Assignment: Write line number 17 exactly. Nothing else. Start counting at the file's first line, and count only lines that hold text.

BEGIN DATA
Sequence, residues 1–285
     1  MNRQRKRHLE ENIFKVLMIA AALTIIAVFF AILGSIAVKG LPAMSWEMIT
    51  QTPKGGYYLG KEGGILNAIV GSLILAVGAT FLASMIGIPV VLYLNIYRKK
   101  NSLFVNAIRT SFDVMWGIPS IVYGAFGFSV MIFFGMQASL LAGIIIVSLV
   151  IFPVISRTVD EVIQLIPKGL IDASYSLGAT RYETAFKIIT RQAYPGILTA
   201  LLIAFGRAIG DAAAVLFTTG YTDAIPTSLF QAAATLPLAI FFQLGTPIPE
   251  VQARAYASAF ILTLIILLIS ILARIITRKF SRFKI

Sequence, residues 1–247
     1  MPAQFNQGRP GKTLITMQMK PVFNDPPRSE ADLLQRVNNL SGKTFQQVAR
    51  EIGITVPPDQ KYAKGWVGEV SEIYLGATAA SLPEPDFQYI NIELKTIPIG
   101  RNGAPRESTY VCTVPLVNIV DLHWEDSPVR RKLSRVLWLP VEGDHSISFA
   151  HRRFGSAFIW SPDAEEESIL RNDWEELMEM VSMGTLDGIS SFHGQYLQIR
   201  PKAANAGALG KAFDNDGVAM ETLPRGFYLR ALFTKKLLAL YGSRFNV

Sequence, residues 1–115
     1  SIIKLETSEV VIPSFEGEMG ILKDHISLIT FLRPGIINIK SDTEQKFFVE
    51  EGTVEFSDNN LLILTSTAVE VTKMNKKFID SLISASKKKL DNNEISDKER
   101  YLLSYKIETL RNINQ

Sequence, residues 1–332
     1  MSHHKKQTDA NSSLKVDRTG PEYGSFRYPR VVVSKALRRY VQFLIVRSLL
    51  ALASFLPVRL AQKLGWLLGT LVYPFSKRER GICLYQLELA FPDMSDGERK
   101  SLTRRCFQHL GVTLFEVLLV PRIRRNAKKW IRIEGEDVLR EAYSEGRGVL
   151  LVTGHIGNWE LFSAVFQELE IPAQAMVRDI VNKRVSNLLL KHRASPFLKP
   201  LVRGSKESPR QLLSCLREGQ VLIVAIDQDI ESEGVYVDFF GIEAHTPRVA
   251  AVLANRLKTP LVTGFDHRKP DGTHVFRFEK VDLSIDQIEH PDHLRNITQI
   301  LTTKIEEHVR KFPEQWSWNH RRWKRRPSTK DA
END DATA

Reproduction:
   101  YLLSYKIETL RNINQ